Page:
Lions in Action: Giving the Freedom to Move

A child’s first wobbly steps or first tentative bike ride are precious moments cherished by parents. But not every family experiences these delightful milestones. For scores of disabled children, they can merely watch while their siblings and neighbors enjoy the simple pleasures of childhood.

The Lions Step In

Lions in Australia recognized that many children with mobility-impairing diseases miss out on many parts of development. Not only do they lose the physical sensation of walking, but many children miss the social opportunities other children gain by playing with classmates, riding bikes with their friends and taking walks with their siblings. Through Lions’ fundraising efforts and diligent partnerships, the Lions of Australia are providing innovative technology to children in need. The devices, called Hart Walkers and Freedom Wheels, allow children who lack mobility the opportunity to walk and ride a bike.

“With the Australian Lions Children’s Mobility Foundation, what we do is we try to provide an overall mobility system for kids with cerebral palsy,” said Elvio Munzone, the District Governor of the Sydney Lions. “Lions from all over Sydney provide the funds to provide these walkers so these children have freedom and they can walk with pride.”

Hard Work Pays Off

Children throughout Australia now have a chance to savor their mobility.

“The Lions club has helped my son who has spastic quadriplegic cerebral palsy to be an active participant in day to day life in that he’s able to up and run around with his peers,” said mom Cindy Shaw. “When Adam’s in his Hart Walker, he feels very strong and that he can do anything.”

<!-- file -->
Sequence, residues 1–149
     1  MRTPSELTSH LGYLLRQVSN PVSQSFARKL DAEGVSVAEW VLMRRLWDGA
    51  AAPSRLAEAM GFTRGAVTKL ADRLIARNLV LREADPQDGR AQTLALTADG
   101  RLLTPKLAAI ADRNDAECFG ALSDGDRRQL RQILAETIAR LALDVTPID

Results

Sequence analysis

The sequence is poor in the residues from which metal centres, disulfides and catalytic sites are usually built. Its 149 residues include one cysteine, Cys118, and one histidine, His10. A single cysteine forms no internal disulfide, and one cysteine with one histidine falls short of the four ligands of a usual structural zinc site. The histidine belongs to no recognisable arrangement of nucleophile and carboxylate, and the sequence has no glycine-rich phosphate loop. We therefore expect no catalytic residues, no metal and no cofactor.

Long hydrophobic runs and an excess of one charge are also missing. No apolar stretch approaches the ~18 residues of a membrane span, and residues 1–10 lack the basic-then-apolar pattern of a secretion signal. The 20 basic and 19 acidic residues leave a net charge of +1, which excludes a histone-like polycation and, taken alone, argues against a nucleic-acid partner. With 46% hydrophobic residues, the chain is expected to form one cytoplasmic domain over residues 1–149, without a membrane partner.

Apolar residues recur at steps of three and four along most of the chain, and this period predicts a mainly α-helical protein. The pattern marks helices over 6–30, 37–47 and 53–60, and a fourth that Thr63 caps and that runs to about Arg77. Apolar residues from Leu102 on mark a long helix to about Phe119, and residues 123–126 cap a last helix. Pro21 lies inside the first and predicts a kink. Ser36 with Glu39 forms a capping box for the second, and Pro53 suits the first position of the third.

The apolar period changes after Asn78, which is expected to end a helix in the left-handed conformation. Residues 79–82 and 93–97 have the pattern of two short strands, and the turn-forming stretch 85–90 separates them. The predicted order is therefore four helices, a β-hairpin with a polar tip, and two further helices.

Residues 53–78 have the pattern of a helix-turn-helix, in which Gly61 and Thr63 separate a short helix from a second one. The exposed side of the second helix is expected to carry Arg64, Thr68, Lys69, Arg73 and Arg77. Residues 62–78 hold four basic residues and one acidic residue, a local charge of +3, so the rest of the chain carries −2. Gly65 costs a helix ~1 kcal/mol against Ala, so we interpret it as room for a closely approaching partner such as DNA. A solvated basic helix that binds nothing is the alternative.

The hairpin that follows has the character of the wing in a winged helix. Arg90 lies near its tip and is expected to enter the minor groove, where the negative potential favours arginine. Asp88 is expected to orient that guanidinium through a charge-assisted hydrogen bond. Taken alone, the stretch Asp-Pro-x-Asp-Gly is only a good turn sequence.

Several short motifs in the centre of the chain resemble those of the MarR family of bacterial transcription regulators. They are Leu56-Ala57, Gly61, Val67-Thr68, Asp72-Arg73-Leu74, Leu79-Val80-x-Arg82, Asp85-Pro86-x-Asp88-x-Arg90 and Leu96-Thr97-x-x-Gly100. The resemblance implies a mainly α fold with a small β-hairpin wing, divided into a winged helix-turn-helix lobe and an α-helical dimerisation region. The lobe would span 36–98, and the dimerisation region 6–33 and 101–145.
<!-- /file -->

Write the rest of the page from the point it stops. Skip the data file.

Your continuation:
But the children aren’t the only ones who benefit from this ambitious project. Second Vice District Governor Elect Steve Coleman said each child who receives these specialized devices is a powerful reminder of the We Serve motto. “It brings such great rewards for me to show photos of the boys on the bikes to the other Lions so they can see the difference they have made,” Coleman said.

Fast Facts

The Hart Walker that allows disabled children to walk upright is composed of more than 1,000 moving parts. During a five-year period, each Hart Walker device costs about $12,000 in Australian currency. Each Freedom Wheels bike is customized to the child’s size and abilities.

Make It Happen: Help kids with mobility issues

  • Why did the club decide on this project? »
    It’s a need in our community that exists everywhere. There’s inherit physical benefits to giving every child the ability to walk, but also intangible experiences that we hope to provide for each child.
  • Where do the funds come from? »
    Lions throughout the area earmark funds for this project. On occasion, we receive requests and clubs may have a specific event, like a barbecue, dance or social to raise the money especially for that child.
  • How can we do this in our community? »
    In every corner of the world, there are children and adults with cerebral palsy and other mobility-impairing illnesses. There is always an opportunity to give these people mobility, and thus, freedom. Projects that you could adopt include providing a medical equipment bank to lend to those in need or perhaps sponsoring a child with a disability in order to fundraise for their changing needs on a long-term basis.
  • How are the devices distributed? »
    We’ve partnered with other organizations to provide the know-how required for this project. This technology is delicate and requires skill to fit each child. By seeking out organizations that specialize in this, we are able to direct funds into a project with a great impact.
  • Any special words of advice? »
    This ongoing project is a marathon, not a sprint, but when you see the joy that it brings to individuals, your club will be motivated to keep providing such a vital service.

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